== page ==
Mom worried about daughter with rare genetic mutation being bullied. Then students prove her wrong.

"Day after day kids maybe like Alexis or other kids with disabilities or just average kids are being bullied. I'm afraid for her in the world."
June 27, 2018 6:17 pm Last Updated: June 28, 2018 1:45 pm

When a child begins a new school year, their parents may be worried about how they’ll fit in—especially if they have a condition that makes them really stand out from the crowd.

Kids aren’t thought of as being particularly tolerant to outsiders—we’ve all had a mean playground nickname at some point in our childhoods, so fitting in is something everyone is concerned about.

But one group of kids is defying expectations with their kindness toward one unique classmate.

Alexis Kinzer, from Maui, Hawaii, is 8 years old—but you wouldn’t know that from looking at her.

She looks more like a 3-year-old—and that’s because she’s one of only 27 people in the world to be born with a rare genetic mutation in which she was born missing a chromosome.

The condition has caused her to be developmentally delayed. In addition to looking much younger than she is, the girl’s also non-verbal.

(Avijah Scarbrough/Screenshot)

So when she started first grade at Pomaikai Elementary School this school year, her mother, Vanessa Ince, was concerned how her peers would treat her.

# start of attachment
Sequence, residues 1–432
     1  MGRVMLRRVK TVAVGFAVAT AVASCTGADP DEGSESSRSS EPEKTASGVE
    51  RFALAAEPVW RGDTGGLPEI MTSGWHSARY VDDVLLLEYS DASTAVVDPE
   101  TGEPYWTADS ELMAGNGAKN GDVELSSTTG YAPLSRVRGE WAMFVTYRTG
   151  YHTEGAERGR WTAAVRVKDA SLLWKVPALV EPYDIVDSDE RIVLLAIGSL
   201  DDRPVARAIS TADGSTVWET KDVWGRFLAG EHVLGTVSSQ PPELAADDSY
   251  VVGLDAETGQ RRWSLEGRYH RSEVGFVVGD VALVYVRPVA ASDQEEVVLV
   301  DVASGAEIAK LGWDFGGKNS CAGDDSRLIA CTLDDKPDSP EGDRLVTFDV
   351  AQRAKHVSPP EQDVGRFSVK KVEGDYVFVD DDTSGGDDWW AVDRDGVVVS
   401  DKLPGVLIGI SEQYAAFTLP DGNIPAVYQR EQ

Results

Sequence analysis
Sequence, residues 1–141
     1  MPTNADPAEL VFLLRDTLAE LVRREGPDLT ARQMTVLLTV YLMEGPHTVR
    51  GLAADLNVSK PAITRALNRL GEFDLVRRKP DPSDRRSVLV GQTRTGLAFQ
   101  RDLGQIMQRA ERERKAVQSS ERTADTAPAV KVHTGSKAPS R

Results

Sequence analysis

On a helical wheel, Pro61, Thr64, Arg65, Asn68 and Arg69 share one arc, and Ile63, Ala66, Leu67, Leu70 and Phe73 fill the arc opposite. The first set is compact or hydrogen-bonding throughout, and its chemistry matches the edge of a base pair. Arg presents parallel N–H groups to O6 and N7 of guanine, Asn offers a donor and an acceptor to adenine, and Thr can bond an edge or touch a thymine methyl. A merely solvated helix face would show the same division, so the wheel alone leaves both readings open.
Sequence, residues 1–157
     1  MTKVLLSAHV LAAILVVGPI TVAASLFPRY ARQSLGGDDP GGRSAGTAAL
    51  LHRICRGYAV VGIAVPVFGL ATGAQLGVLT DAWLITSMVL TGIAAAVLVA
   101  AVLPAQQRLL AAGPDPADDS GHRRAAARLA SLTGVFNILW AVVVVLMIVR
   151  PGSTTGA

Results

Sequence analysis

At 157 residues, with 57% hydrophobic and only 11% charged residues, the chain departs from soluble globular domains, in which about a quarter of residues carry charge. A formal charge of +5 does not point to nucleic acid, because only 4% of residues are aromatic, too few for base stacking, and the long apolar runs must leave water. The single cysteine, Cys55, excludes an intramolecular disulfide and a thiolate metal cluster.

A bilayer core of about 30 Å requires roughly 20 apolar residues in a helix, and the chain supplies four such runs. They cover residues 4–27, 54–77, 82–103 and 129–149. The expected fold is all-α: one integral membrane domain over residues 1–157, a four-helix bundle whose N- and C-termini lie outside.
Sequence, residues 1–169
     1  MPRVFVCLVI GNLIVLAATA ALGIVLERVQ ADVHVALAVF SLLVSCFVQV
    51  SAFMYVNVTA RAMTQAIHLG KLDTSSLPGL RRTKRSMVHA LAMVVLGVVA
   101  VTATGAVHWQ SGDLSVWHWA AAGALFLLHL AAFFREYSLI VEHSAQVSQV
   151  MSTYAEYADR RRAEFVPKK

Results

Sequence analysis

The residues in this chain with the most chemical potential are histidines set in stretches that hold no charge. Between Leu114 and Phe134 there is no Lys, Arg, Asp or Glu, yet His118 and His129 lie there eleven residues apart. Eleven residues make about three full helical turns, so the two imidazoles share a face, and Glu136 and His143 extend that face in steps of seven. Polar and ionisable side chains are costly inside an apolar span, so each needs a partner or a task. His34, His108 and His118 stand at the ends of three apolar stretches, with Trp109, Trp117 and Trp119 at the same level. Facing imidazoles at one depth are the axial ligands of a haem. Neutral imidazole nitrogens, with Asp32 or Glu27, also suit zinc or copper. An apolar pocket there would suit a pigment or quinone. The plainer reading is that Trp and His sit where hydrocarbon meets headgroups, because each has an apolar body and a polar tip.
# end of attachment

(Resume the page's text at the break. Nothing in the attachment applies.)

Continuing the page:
“Day after day kids maybe like Alexis or other kids with disabilities or just average kids are being bullied,” Ince told KITV recently.

“I’m afraid for her in the world.”

(Avijah Scarbrough/Screenshot)

But instead, her daughter found a place where she belonged at school.

One of her classmates helped Alexis navigate the school.

Another first grader stepped up and took the initiative to help Alexis. Ince was thrilled when she saw the other student taking her daughter’s hand.

(Avijah Scarbrough/Screenshot)

It was an inspiring act of kindness—one that spread throughout the school.

The girl’s kindness motivated other classmates to help Alexis, too.

Other students joined in with their own outpouring of support and friendliness.

“This little peer group has gotten itself together on its own of the leadership of this other first grader and has rallied this group that has been her friend support network that sort of escorts her through the course of her day,” Ince said.

(Avijah Scarbrough/Screenshot)

The students line up to greet Alexis when she shows up at school.

Not only is Alexis not picked on at school as her mother feared, but she’s given a warm welcome every single morning.

“As soon as they see the car pulling up they’ll jump up and down and they’ll say ‘Alexis is here, Alexis is here,'” Ince said.

(Avijah Scarbrough/Screenshot)

And while Alexis is non-verbal, she found a way to thank her new friends.

After her classmates greet her at the gate, she thanks them by putting a lei on them. It’s an inspiring gesture that shows that kids can make friends even with rare disorders.

(Avijah Scarbrough/Screenshot)

Ince said the story alleviates her fears—not just about her own daughter fitting in at school, but about future generations of school students in light of all the darkness lately.

“I think it gives people hope,” Ince told KITV.

“Hope that in the face of all these mass shootings and all these horrible things at school, kids don’t have to be that way.”

(Avijah Scarbrough/Screenshot)